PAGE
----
As to the Malaxis: I have seen it a few times and taken pictures of Malaxis monophyllos in Bavaria, which is indeed very similar to this one. Also it is quite tough to take pictures of. You managed much better than I did back then.

    Thanks for your posts and for entertaining me. :-)

    1. Hi Martin, and thanks for commenting.

      Liparis loselii is really at the extreme of its range in the Pacific Northwest, and much more common in the eastern USA. The photography was indeed a challenge since we were in water up to our ankles in the few where they were photographed. The tripod doesn't stay steady and one can't get down because of the water.

      The Cyp. parviflorum used to be Cyp. calceolus here, but I think the renaming was a good thing. The two varieties are differently scented. Var. pubescens has a very faint fragrance of roses and var. makasin has a very strong and sweet fragrance, but not of lemons. The scent is one of the ways to distinguish the two.

      The Malaxis is considered by some to be M. monophyllos var. brachypoda, but those who hold for it as a separate species argue on the basis of color, whiteish-green rather than yellowish-green, resupinate rather than non-resupinate flowers, and a differently shaped lip.

    2. Liparis loeselii is far from common in Germany, but I know a few spots in southern Germany and a good one in Holland. All of the spots are a few hundred kilometres away... so no pictures for me soon.

      I even think the flower of the lady slippers can be distinguished. They are very uniform in Germany. The only variation seems to be the color of the sepals (from dark brown to complete yellow/green). Having said this: I feel like they are less twirled than your species. At least, that is what I can tell from the pictures. Would need to see them in nature to be sure if it really is like that.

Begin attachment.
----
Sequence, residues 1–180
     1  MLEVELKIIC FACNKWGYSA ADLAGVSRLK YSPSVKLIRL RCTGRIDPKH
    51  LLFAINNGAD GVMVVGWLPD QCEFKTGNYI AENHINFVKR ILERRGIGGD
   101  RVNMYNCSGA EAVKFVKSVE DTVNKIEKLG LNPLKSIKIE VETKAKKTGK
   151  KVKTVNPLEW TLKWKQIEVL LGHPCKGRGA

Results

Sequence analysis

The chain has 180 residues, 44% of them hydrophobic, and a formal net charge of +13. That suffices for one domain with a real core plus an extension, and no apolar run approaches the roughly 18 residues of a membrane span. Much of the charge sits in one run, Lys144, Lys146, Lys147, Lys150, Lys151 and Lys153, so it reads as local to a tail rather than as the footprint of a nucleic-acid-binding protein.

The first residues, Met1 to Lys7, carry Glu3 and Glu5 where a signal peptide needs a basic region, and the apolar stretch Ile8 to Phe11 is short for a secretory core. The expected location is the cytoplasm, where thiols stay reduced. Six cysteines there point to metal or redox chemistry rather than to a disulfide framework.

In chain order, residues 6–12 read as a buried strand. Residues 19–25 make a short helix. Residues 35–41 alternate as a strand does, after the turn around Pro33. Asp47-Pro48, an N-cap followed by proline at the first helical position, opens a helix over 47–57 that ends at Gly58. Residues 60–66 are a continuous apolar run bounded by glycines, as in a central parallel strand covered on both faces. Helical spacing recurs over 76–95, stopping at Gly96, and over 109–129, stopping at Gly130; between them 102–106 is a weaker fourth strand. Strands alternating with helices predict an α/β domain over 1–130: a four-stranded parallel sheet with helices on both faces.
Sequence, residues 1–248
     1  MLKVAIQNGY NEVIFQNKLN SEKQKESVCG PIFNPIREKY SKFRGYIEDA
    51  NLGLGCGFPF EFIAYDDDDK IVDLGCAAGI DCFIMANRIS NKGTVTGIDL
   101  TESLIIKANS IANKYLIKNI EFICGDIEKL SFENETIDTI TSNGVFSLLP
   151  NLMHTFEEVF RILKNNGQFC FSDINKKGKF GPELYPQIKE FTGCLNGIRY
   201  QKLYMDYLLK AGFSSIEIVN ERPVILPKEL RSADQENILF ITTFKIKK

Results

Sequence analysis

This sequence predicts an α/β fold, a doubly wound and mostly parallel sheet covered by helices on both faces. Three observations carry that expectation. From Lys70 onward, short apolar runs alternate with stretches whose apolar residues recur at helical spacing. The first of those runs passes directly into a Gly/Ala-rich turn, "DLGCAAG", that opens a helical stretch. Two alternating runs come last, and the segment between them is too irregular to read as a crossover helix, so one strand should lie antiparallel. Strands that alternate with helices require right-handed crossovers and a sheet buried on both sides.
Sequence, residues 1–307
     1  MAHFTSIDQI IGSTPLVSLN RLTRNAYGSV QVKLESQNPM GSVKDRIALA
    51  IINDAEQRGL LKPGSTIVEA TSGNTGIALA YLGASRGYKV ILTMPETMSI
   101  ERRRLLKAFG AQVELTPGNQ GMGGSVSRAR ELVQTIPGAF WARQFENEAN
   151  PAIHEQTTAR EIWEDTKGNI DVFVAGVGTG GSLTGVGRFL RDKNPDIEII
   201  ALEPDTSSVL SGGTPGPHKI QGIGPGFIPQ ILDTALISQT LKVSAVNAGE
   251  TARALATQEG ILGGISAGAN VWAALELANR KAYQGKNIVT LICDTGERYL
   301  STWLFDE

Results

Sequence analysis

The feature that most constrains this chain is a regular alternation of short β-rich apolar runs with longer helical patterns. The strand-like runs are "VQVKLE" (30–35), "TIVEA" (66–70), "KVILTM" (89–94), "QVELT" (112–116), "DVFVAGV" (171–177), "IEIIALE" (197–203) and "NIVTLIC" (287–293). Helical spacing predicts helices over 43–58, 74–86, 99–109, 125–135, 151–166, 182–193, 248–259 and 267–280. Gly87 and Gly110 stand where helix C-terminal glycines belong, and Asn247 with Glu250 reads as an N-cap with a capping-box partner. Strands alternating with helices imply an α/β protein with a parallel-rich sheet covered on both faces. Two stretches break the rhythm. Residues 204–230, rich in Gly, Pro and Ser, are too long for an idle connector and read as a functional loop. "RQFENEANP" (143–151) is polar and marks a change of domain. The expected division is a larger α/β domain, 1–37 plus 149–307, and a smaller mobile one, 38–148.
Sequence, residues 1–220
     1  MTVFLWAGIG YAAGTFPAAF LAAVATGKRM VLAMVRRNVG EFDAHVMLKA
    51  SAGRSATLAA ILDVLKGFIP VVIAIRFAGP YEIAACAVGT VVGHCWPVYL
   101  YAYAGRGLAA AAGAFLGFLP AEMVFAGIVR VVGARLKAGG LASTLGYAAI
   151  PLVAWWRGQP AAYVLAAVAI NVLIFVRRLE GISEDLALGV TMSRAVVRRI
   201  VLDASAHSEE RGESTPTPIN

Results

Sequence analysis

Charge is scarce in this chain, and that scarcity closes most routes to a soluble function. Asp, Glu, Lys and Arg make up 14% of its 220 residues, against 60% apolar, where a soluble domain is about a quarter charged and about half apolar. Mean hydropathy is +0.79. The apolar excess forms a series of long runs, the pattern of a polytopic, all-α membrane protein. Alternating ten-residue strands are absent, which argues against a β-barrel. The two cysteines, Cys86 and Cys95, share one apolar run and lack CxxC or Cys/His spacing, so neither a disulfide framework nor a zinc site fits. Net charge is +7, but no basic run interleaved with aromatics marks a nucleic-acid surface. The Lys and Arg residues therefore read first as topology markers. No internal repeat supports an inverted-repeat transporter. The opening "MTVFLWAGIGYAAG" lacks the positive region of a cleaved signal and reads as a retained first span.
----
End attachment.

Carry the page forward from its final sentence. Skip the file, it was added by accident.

As for Malaxis: if I am very lucky I might still see them in Bavaria next week. If so, I will take pictures for a comparison, if I find them and if you want.

    3. I would love to see some pictures of Malaxis monophylos for comparison. Hope you do find them. They are incredibly tiny and hard to find. We found one plant and only when we got down on the ground to take photos did we notice that there was another plant right next to it.

      The two varieties of Cyp. parviflorum are generally distinguished by the size of the flowers. Var. makasin has incredibly small flowers. I'm always surprised to see how small they are. They can be 10 cm or less including the petals.

    4. Sorry for taking such a long time. Work has kept me very busy.
      Alas I did not find Malaxis monophyllos this year, despite looking at a known spot for quite some time, where I found them last year. But I have "so-so"-pictures from back then and the year before from a different place. All of them were shot in southern Bavaria.

      As you can see it is very similar indeed.

    5. Very similar indeed. I would certainly think it the same species, but I am not an expert. Thanks for the links, Martin.

  2. Beautiful photographs. Wonderful, thanks for sharing them. Best regards

    1. Thanks for looking and commenting, my friend.

  3. Nice blog. The yellow Lady's Slipper grow in my region of Eastern Canada. Beautiful photographs.

    1. Thanks for stopping by, Thelma, and for your kind comments.